Not surprisingly, the WSJ supports the President’s proposal, arguing that "political compromise won’t happen without better security, or as the Petraeus Counterinsurgency Manual puts it, ’security is essential to setting the stage for overall progress.’" Another WSJ editorial takes the Democrats to task for the feckless irresponsibility of their opposition:

So the Democrats want the political mileage of opposing the troop increase rhetorically. What they don’t want is to take responsibility for their own policy choice. Meanwhile, their rhetoric will only serve to reassure the jihadis that sooner or later Democrats will force a U.S. withdrawal. It’s enough to give a half-cheer to genuine Democratic isolationists, who have proposed legislation that would require the President to seek approval to fund additional troop increases. At least they’re willing to go on record.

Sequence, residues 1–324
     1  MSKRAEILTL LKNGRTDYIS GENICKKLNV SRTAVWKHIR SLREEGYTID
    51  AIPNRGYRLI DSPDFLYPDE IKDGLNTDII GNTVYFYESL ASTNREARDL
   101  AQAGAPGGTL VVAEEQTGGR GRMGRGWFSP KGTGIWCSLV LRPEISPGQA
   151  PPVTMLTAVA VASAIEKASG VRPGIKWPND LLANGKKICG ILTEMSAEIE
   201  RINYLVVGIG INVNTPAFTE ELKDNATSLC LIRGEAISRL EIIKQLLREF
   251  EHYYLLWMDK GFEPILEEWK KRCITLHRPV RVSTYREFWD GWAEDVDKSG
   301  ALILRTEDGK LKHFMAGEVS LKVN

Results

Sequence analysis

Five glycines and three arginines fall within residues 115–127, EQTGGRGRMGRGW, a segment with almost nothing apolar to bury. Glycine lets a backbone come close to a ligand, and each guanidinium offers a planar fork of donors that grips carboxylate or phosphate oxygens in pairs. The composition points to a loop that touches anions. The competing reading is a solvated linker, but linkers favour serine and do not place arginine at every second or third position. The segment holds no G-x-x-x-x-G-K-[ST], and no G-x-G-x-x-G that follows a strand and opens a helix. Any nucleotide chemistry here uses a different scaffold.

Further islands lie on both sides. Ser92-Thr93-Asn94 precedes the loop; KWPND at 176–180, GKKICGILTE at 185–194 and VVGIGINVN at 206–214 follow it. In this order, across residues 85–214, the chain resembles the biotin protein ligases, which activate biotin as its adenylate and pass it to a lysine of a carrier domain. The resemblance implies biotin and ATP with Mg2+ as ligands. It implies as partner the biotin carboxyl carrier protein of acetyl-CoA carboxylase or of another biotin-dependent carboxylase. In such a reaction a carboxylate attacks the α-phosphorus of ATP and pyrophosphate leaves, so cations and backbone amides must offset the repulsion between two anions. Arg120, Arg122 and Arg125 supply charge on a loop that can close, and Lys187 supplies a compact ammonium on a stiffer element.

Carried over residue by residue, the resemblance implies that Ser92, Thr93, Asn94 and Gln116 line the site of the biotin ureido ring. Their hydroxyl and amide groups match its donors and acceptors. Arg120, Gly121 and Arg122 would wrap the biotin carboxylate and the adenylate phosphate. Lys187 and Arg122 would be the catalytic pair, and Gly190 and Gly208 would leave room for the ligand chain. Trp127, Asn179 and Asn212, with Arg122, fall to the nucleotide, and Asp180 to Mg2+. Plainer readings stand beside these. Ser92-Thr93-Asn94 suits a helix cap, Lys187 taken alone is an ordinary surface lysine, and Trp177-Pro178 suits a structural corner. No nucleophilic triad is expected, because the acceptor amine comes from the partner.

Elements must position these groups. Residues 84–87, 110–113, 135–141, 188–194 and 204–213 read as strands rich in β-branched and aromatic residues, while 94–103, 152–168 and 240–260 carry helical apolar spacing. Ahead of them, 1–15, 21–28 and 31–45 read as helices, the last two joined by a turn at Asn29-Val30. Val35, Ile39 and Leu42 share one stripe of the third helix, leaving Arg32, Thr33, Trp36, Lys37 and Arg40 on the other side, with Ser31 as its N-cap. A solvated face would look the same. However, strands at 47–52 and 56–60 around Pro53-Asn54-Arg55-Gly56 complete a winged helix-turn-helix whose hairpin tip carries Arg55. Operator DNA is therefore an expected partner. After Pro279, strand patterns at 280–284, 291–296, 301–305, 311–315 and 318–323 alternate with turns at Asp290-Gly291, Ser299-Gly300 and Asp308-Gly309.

I can’t take any more of this.

Discussions - 15 Comments

How many days has the Democratic party been in power? They are getting their ducks in order and will respond according to the wishes of the majority who put them in power.


It’s an odd thing to call them feckless. When Bush hasn’t been able to get a handle on a two bit country in all these years, balance a budget, or even capture the man responsible for 9/11. Why he isn’t even looking for him anymore.


I have to ask...."¿Qué es más feckless?"

I mean... Bush only announced his "big plan" yesterday and you’re all over the Dems because they only have only proposed a few alternatives and responses so far?


Do you think you’re being a tad biased?

Re "a few alternatives and responses" from the Dems: they do not have any. They are the worst form of do-nothings. Giving the Dems the lead will eventually lead to the deaths of millions, especially the Kurds.

It is coming down to "Peace at any cost" or "Freedom at any cost."

"I can’t take any more of this."

It’s a common sentiment these days, Joseph.